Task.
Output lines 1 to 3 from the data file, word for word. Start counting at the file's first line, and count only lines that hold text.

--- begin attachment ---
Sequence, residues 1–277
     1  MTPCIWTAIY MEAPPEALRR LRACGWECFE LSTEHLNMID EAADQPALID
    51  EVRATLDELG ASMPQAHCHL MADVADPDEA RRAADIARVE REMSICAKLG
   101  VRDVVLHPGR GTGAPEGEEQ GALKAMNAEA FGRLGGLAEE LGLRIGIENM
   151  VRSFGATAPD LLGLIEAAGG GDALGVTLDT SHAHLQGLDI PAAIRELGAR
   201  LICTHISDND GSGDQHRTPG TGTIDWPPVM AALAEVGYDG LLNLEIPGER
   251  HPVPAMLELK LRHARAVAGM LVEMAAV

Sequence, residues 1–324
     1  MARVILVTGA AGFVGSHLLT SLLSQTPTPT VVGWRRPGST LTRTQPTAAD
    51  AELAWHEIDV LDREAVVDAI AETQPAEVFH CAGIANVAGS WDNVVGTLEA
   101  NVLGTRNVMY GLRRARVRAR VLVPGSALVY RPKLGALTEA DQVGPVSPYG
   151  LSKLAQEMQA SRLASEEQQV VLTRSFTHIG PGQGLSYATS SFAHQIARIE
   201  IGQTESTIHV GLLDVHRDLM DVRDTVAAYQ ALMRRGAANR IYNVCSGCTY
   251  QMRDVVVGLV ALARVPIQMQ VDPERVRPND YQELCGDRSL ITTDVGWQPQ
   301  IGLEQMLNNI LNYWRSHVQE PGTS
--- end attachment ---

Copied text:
Sequence, residues 1–277
     1  MTPCIWTAIY MEAPPEALRR LRACGWECFE LSTEHLNMID EAADQPALID
    51  EVRATLDELG ASMPQAHCHL MADVADPDEA RRAADIARVE REMSICAKLG